Christmas Special Triple Play

My countdown of my 11 favorite Christmas specials continues with a three-pack.

  1. The Year Without a Santa Claus – 1974

Mickey Rooney reprises his role as Santa after his turn in Santa Claus is Coming to Town, and Shirley Booth jumps in as Mrs. Claus and our narrator. Santa wakes up and isn’t quite feeling right. Mrs. Claus summons a curmudgeon of a doctor who convinces St. Nick that no one cares, nobody believes in Santa and that Christmas doesn’t matter anymore. Santa’s knee-jerk reaction is to cancel Christmas.

Santa goes back to bed and Mrs. Claus cooks up a scheme to send two elves down the populace to find some Christmas belief. Jingle and Jangle fly down with Vixen and get themselves in a spot of trouble. Vixen ends up in the pound and Santa zips down to find out what’s going on.

Eventually the mayor of Southtown, USA, makes the little boy a deal – make it snow in Southtown and he’ll declare a holiday for Santa Claus. Santa meets a young boy whose father very much believes in Christmas and eventually teaches his son to believe.

We meet and are entertained by Snow Miser and Heat Miser, as Mrs. Claus has to negotiate a little snow in Southtown. I am disturbed by the fact that many of the 20-somethings I know have never heard of Snow or Heat Miser. Eventually, Mrs. Claus has to get the Miser brother’s mother, Mother Nature, involved. You don’t mess with Mother Nature.

I enjoy this one for its innocence and message of Christmas spirit. I won’t get into my religious beliefs, or lack thereof, but I do believe in Santa Claus. These Rankin and Bass supermarionation specials conveyed the message of keeping Christmas and learning how to feel the spirit. I may have mentioned it before, but there is a sweetness to these Rankin and Bass specials.

Mickey Rooney is phenomenal as Santa Claus. And Snow and Heat Miser are highly entertaining.

Jack Frost is okay, Rudolph’s Shiny New Year is crap, and Frosty the Snowman is the first Rankin and Bass special done in traditional 2D animation. Rudolph the Red-Nosed Reindeer, Santa Claus is Coming to Town and The Year Without a Santa Claus are the only three that matter, and as I am fond of saying, they are “filmed in Supermarionation.”

So far my favorites have been “animated” in one form or another. I have one or two more of those on the list; you’ll just have to log on to find out. And when I tell you about tonight’s entry you might say, “But Jerry isn’t this A Christmas Carol?” You would be correct. However, I think this one stands alone and appears on the list separately for a few reasons.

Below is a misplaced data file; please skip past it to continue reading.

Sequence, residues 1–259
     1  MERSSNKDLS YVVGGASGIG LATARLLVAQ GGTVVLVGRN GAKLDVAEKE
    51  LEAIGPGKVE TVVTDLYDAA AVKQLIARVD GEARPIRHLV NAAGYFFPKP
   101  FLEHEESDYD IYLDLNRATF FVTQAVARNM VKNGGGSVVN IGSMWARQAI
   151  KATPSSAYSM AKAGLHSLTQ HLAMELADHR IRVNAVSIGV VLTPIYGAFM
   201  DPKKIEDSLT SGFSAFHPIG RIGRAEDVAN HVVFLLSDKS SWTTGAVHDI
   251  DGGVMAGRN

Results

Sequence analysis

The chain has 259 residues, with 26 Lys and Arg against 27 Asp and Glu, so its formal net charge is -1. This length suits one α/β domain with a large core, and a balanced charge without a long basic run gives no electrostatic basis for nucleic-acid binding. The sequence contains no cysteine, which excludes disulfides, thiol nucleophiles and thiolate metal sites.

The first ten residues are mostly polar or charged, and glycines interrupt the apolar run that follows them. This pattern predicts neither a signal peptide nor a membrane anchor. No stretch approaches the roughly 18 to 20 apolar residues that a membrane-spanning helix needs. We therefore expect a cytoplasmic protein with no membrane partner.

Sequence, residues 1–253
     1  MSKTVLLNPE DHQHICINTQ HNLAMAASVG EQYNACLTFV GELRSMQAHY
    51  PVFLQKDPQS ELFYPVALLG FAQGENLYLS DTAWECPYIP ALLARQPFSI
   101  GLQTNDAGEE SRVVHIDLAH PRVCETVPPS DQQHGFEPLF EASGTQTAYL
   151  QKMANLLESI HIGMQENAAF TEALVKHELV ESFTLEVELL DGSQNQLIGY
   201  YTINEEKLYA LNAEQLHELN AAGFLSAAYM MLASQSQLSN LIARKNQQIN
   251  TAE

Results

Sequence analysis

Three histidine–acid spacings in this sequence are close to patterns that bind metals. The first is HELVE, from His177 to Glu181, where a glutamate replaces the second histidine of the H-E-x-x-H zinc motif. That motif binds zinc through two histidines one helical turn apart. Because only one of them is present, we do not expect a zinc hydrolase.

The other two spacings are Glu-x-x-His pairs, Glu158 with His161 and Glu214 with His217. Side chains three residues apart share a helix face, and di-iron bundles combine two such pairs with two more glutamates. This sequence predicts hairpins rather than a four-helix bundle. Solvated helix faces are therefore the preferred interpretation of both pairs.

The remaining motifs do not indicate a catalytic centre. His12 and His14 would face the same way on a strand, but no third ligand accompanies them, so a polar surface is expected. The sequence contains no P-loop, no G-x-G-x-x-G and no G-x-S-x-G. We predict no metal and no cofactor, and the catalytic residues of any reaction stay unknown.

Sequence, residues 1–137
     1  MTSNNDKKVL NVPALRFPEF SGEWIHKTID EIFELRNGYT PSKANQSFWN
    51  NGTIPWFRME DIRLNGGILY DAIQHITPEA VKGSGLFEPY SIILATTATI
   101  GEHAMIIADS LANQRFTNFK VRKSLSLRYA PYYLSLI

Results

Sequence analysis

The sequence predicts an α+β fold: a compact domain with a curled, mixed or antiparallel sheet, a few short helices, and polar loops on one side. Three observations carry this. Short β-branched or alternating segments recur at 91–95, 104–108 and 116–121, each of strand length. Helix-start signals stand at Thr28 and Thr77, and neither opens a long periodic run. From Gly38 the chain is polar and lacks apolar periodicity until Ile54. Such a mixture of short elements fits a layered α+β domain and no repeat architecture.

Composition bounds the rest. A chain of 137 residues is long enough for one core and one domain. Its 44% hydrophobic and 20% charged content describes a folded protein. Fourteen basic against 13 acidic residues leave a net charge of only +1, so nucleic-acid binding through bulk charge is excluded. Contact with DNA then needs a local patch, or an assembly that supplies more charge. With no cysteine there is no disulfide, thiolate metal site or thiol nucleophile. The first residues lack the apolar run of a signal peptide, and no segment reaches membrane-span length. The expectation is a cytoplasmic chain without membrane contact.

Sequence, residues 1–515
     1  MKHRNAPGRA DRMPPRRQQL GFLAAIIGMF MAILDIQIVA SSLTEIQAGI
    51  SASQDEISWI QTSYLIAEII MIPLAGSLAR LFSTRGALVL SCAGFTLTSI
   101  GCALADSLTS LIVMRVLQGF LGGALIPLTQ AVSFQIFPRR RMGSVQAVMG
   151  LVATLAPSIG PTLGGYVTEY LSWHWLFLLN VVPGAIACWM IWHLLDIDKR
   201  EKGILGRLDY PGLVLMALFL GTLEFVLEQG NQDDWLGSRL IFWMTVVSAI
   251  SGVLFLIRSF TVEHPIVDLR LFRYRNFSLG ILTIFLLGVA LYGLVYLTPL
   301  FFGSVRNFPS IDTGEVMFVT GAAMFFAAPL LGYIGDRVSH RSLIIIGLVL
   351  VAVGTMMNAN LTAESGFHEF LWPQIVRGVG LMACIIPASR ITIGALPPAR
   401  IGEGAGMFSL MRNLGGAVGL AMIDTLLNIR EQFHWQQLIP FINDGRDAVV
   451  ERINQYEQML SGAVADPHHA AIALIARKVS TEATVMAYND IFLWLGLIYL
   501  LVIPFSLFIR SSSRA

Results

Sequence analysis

1. Scrooged – 1988

Today’s Bill Murray can pretty much do what he wants thanks in part to the work he did in the 1980s with Ghostbusters, Caddyshack and well, Scrooged (among other things). This film features an all-star cast and serves as a passable treatment of Charles Dickens’ classic tale of Christmas redemption.

Instead of Ebenezer Scrooge, Murray plays bitter, mean, abrasive TV executive Frank Cross. His former boss, played with aplomb by John Forsythe, takes the place of Jacob Marley and foretells the visitation by the three spirits. Ha, spirits. I’ve never seen Tab (for those of you who remember Tab cola) used as a mixer except by Frank Cross with his vodka.

It’s groovy watching Cross transform from one of the meanest Scrooge-like characters into the generous reformed. While at his nasty best he actually suggests a stagehand should staple prosthetic antlers on a mouse when all other methods fail. As he tries to reconcile with an old flame, played by Karen Allen of “Indiana Jones” fame, Cross is mortified at her dedication to her charity work.

Through the Ghost of Christmas Past, a cigar chomping cab driver played by David Johansen, we see Cross as a young, aspiring, idealistic fast-climbing TV station employee. And we see how Frank chooses his career and upward mobility at the expense of his burgeoning relationship with Claire (Karen Allen). There is some hint that Frank and his brother were abused, or neglected at best, as children and learn that Christmas wasn’t a happy time for the Cross boys.